World + 13 more

Protecting Civilians in Conflict Requires Stronger Adherence to International Law, Accountability for Violations, Secretary-General Tells Security Council

Source
Posted
Originally published
Origin
View original

SG/SM/20097

Following are UN Secretary-General António Guterres’ remarks to the Security Council open debate on the protection of civilians in armed conflict, in New York today:

I thank the Government of Estonia for convening this debate on the protection of civilians in armed conflict.

Protecting civilians must be a joint effort by Governments, civil society and international organizations. I look forward to hearing the views of Her Excellency Ellen Johnson Sirleaf and Peter Maurer, the President of the International Committee of the Red Cross (ICRC).

As we meet today, the COVID-19 pandemic rages on, causing enormous human suffering and additional stress to health systems, economies and communities. Those that are already weakened by years of armed conflict are particularly vulnerable.

COVID-19 is not only spreading sickness and death; it is pushing people into poverty and hunger. In some cases, it is reversing decades of development progress.

As access to services and safety is curtailed, and as some leaders exploit the pandemic to adopt repressive measures, it has become even more difficult to protect the most vulnerable. This is particularly true in conflict zones, where civilians were already exposed to significant risks.

COVID-19 poses a major threat to refugees and internally displaced people crowded together in camps and to communities that lack sanitation and health‑care facilities. Cases in a refugee camp in Bangladesh and among displaced people in a protection‑of‑civilians site in South Sudan underline the importance of including displaced people in preparedness and prevention efforts.

My call for a global ceasefire in March was aimed at ending the fighting, so that we can focus on ending the pandemic. A global ceasefire would create conditions for a stronger response to the pandemic and the delivery of humanitarian aid to the most vulnerable people, and would open space for dialogue. I am encouraged by expressions of support. However, this support has not been translated into concrete action. In some cases, the pandemic may even create incentives for warring parties to press their advantage, or to strike hard while international attention is focused elsewhere.

Both scenarios could lead to increases in violence. And civilians always pay the price. The United Nations Support Mission in Libya (UNSMIL) documented at least 58 civilians killed and 190 injured between 1 April and 18 May.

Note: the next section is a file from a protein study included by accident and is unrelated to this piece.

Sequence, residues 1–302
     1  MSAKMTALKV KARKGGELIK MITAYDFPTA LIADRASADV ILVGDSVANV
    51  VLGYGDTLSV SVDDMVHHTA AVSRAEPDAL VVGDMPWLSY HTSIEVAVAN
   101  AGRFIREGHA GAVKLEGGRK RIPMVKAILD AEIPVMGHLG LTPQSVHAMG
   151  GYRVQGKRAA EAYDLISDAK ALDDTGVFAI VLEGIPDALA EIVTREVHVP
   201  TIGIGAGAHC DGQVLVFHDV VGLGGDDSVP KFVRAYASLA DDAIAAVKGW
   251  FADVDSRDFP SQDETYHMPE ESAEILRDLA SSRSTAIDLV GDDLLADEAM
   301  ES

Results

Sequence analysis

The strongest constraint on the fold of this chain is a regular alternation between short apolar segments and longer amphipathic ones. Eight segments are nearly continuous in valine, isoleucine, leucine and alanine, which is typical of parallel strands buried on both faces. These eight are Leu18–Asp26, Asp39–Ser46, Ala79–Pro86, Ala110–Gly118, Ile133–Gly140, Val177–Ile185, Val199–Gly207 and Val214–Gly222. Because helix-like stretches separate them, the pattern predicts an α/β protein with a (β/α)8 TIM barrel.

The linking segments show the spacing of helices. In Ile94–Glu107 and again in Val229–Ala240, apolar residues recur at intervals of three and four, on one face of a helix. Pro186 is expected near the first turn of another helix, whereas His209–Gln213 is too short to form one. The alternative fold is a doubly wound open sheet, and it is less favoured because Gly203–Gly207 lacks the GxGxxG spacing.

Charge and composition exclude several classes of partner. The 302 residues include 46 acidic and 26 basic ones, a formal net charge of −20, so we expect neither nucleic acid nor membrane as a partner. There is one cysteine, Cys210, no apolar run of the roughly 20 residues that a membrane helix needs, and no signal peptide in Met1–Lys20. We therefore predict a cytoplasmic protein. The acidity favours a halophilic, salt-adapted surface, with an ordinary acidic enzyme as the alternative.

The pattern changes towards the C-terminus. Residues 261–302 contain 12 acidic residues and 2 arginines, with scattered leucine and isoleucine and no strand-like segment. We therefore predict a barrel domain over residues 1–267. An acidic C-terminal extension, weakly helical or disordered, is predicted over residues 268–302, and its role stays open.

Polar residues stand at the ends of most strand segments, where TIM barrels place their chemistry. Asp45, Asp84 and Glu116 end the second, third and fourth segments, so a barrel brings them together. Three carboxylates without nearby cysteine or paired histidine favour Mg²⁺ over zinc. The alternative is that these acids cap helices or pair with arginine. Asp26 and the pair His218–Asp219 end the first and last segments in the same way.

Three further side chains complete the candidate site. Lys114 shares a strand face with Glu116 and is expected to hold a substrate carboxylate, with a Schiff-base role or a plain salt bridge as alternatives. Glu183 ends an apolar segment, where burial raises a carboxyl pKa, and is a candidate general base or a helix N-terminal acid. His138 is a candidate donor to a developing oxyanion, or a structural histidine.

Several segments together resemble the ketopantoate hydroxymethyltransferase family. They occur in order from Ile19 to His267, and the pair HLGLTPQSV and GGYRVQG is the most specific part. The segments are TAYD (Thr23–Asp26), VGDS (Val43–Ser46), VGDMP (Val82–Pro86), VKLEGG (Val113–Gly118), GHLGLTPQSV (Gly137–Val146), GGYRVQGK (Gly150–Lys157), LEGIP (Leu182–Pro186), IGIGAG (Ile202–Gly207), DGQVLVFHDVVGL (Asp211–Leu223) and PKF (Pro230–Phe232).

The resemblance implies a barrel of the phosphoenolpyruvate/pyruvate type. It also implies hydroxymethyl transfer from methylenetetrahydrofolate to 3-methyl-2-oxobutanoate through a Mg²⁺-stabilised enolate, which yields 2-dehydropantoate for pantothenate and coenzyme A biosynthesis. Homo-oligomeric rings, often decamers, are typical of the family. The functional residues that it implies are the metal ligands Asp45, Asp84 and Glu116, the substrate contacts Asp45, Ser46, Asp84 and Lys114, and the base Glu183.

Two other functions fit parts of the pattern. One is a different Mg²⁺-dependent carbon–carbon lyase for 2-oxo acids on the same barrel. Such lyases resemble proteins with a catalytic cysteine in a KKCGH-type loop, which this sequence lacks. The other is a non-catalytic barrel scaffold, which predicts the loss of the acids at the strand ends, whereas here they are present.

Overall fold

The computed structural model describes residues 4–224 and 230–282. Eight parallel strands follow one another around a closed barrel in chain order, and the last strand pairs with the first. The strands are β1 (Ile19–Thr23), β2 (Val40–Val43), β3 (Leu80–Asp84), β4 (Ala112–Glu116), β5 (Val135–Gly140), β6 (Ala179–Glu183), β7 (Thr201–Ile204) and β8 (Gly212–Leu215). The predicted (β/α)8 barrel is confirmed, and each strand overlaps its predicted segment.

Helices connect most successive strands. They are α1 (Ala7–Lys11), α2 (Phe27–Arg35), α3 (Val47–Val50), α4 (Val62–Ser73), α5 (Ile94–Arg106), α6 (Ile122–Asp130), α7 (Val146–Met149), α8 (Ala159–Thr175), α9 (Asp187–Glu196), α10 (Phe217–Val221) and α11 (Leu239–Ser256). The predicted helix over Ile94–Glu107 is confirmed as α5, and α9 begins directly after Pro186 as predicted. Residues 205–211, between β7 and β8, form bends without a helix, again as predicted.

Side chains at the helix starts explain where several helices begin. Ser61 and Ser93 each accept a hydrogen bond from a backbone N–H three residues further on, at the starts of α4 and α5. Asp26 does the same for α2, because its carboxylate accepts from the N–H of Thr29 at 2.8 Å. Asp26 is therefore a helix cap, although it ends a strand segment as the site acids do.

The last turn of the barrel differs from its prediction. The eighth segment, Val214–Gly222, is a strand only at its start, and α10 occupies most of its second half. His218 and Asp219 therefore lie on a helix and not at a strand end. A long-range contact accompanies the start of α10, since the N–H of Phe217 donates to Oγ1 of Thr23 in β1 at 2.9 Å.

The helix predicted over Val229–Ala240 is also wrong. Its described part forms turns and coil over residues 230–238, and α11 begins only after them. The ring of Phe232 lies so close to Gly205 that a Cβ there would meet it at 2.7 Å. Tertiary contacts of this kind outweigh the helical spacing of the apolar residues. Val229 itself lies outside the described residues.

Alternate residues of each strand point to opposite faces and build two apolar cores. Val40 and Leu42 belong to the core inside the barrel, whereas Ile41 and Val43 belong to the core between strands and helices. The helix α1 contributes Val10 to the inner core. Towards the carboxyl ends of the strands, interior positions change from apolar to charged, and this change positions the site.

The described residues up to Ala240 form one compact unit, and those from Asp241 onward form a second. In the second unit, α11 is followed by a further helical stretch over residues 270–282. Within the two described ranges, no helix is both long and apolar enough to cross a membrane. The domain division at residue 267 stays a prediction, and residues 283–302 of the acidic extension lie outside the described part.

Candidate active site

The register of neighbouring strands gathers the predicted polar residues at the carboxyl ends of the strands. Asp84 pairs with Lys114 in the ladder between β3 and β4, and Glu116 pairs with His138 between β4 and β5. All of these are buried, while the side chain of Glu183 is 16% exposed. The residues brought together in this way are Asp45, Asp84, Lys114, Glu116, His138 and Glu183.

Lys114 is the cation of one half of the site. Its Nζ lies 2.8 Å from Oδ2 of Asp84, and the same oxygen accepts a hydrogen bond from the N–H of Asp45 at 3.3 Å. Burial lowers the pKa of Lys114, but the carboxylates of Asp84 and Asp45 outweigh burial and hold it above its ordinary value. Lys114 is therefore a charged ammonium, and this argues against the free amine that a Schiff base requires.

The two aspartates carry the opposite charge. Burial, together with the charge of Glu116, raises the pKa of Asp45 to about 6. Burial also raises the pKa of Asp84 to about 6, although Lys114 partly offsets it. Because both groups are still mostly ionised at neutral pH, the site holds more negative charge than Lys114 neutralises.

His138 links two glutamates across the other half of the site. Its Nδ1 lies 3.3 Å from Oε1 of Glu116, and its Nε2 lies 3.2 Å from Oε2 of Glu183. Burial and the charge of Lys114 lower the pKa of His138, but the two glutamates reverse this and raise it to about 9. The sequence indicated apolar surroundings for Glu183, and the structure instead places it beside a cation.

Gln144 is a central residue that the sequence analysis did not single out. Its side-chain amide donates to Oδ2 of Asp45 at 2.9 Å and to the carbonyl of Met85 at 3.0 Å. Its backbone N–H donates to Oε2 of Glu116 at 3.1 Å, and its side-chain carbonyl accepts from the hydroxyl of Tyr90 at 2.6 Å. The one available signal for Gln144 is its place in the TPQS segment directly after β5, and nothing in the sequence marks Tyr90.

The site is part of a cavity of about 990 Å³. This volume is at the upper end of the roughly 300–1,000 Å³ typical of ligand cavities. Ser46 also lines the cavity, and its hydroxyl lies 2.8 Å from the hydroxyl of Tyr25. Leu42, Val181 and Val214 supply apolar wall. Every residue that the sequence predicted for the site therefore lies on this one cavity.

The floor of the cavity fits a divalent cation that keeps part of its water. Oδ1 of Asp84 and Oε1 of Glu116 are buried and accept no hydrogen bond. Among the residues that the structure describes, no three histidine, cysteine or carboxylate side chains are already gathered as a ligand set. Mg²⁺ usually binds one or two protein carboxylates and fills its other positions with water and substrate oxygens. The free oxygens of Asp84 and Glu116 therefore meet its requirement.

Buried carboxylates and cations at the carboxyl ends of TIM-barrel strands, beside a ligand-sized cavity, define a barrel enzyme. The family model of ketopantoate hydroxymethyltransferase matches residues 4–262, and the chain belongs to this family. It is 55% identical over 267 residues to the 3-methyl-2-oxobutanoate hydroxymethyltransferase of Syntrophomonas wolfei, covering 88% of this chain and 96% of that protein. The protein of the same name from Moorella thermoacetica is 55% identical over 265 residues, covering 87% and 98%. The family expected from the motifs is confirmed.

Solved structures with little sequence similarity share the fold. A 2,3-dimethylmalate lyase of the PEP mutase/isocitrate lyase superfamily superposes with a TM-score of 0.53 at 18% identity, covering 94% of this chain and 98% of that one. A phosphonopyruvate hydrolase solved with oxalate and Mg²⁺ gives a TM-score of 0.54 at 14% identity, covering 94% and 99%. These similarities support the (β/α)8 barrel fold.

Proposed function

United Nations peacekeeping operations are one of the most effective means of protecting civilians in conflict zones around the world. Our “blue helmets” are now supporting national authorities in their response to the pandemic, by protecting health‑care and humanitarian workers and facilitating access to aid and protection.

I saw for myself last year how our Mission in the Democratic Republic of the Congo made an important contribution to the successful efforts against the Ebola outbreak in the east of the country.

Today, our peacekeeping Mission in the Central African Republic is working closely with the authorities and security services to find new ways to serve the population while protecting themselves. MINUSCA [United Nations Multidimensional Integrated Stabilization Mission in the Central African Republic] police are helping to increase the capacity of the internal security forces to curb the spread of the virus while staying safe.

In Mali, MINUSMA [United Nations Multidimensional Integrated Stabilization Mission in Mali] is fully engaged to suppress transmission of COVID-19 and control its spread, while continuing to perform its vital roles of protecting civilians and supporting implementation of the Peace Agreement.

Where armed conflict continues, COVID-19 makes the protection of civilians more challenging than ever — and our support more important than ever. It is only through respect for human rights and international humanitarian and refugee law that we can protect civilians, including health and humanitarian workers and infrastructure, and relieve pressure on health systems.

But, the prospects are bleak. My latest report on the protection of civilians in armed conflict shows little progress on the protection of civilians, and on compliance with international law, in 2019. More than 20,000 civilians were killed or injured in just 10 conflicts: Afghanistan, Central African Republic, Iraq, Libya, Nigeria, Somalia, South Sudan, Syria, Ukraine and Yemen. This figure — which only includes incidents verified by the United Nations — is just a fraction of the total.